Technical Information


Painting is the easiest and least expensive form of home improvement. It is used to change the look of home exteriors, interiors, furniture, fixtures, and automobiles – and until today, remains one of the primary means of expression in art. Despite its many applications, many do not realize that certain types of paint may contain hazardous ingredients that are potentially harmful to humans, animals, ground water, and the environment. In fact, the United States Environmental Practice Agency has placed paint on its top-five list of environmental hazards.
As experts in the field, architects, designers, and consultants have a responsibility to be educated on the environmental impact of paints in aiding their customers to make better informed decisions when choosing ‘green’ paints. Some issues to consider:
What is Volatile Organic Compounds (VOCs)?
Volatile organic compounds (VOCs) refer to organic chemical compounds which have significant vapor pressures. Although most VOCs stem naturally from plants, a major source of man-made VOCs is solvents, especially in paints and protective coatings. These petroleum-based solvents are required to spread a protective or decorative film. Typical solvents are aliphatic hydrocarbons, ethyl acetate, glycol ethers, and acetone. Motivated by cost, environmental concerns, and regulation, the paint and coating industries are increasingly shifting toward aqueous solvents.
VOCs’ environmental impact: good ozone vs. bad ozone
When evaporating, the solvents contained in paint emit VOCs into the atmosphere. VOCs react with oxygen in the presence of sunlight to form ozone – "bad" ozone.
"Good" ozone occurs naturally in the stratosphere about 10-35 kilometres above the ground, which protects the surface of the earth from harmful ultraviolet rays and acts to protect plants, animals and humans from its various harmful effects.
"Bad" ozone occurs at ground level, forms through the chemical reaction between VOCs, oxygen and sunlight, and is an irritant for the mucous membranes. It can also cause nose, eye, and throat irritations; and can lead to shortness of breath, coughing, and asthmatic symptoms.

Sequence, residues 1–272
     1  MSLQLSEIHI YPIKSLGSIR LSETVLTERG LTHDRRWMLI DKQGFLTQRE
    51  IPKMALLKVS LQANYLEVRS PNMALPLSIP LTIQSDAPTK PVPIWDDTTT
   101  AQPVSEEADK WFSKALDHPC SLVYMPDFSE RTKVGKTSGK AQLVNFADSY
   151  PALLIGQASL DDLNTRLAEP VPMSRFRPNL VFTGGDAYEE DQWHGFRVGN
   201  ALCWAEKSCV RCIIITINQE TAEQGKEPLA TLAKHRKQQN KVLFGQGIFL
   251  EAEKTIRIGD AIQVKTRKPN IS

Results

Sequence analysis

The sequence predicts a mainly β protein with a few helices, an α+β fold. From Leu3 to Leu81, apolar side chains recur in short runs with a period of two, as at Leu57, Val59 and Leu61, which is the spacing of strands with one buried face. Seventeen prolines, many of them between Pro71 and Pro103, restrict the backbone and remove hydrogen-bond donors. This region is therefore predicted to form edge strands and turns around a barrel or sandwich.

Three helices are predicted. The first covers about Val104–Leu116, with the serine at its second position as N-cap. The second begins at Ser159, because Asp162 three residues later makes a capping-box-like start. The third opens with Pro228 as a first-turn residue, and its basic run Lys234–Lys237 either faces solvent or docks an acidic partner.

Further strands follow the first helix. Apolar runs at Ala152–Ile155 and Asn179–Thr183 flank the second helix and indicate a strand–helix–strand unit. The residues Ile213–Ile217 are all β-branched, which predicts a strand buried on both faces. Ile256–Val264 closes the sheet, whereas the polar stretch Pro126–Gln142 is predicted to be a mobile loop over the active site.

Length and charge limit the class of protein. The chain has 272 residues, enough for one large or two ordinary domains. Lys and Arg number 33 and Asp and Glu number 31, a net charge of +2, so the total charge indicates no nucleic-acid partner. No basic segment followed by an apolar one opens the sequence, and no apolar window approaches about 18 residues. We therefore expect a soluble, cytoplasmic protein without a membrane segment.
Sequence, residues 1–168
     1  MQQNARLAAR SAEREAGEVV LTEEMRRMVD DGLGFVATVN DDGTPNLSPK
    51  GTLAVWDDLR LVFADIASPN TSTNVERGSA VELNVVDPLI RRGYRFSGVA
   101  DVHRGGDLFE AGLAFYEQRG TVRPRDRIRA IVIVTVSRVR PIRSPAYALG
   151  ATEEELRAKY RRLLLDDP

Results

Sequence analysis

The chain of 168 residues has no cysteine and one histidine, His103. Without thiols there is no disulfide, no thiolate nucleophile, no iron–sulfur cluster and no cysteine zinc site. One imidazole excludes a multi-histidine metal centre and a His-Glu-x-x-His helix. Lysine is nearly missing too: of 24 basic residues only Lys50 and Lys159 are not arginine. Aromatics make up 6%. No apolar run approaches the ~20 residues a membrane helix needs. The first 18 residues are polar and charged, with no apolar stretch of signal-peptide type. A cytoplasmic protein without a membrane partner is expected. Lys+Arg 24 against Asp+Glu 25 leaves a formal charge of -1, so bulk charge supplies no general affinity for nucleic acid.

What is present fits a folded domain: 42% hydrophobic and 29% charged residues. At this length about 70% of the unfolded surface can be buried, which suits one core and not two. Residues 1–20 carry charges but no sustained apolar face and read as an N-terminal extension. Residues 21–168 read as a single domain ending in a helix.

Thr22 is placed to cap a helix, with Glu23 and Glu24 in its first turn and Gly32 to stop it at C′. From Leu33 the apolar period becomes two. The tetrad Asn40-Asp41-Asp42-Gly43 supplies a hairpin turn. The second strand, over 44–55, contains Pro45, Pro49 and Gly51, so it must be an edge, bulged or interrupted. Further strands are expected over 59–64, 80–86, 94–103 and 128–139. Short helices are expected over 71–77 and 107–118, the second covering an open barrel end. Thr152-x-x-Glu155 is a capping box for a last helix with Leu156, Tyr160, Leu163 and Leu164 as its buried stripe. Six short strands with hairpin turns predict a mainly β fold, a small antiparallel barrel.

This "bad" lower-atmosphere ozone can also damage vegetation – plants, trees, bushes – and such impacts negatively on those dependent on nature for their livelihood. This ozone also has a corrosive effect on certain man-made materials: for example, it accelerates the deterioration and fading of certain paints.
A further major consequence of VOC emissions is global warming – VOCs play a significant role with respect to the creation of the greenhouse effect. Further, some chemically very stable VOCs participate in the destruction of the stratospheric ozone layer (the "good ozone"): this is the famous hole in the ozone layer.
Go Green, choose Low-VOC products
Low VOC paints, stains and varnishes use water as a carrier instead of petroleum-based solvents. As such, the levels of harmful emissions are lower than solvent-borne surface coatings. These certified coatings also contain very low levels of heavy metals and formaldehyde. The amount of VOC's varies among different "low-VOC" products, and is listed on the paint can.
To meet EPA standards, paint must not contain VOCs in excess of 200 grams per litre. As a general rule, low VOC paints marketed by reputable paint manufacturers usually meet the 50 g/L VOC threshold. Paints with the Green Seal Standard (GS-11) mark are certified lower than 50 g/L (for flat sheen) or 150 g/L (for non-flat sheen). Low VOC paints will still emit an odor until dry. For those who are more sensitive to paint fumes, ensure that the paint purchased contains fewer than 25 grams/liter of VOC's.
It is estimated that each year in Australia more than 80,000 tonnes of VOCs are released into the atmosphere, with the paint industry contributing significantly to this amount. Emission profiles from the EPA in California show that surface coatings are responsible for 9% of all VOC emissions. Approximately 12 billion liters of paints are produced annually.
As responsible citizens, every stakeholder plays a role in the environmental sustainability of our planet. A good first step to going green would be to consider low VOC paint. For more information, contact ICI Dulux at 03-6799 4200 or your nearest paint reseller.

  1. Paint Quality Institute, “Low VOC”,
  2. Eartheasy: Solutions for sustainable living, “Non-Toxic Paints”,
  3. Infolink, Australia's Architecture, Construction and Design Directory, Paint industry impacts environment: Greenpainters Association”,
  4. Wikipedia, “Volatile Organic Compound”,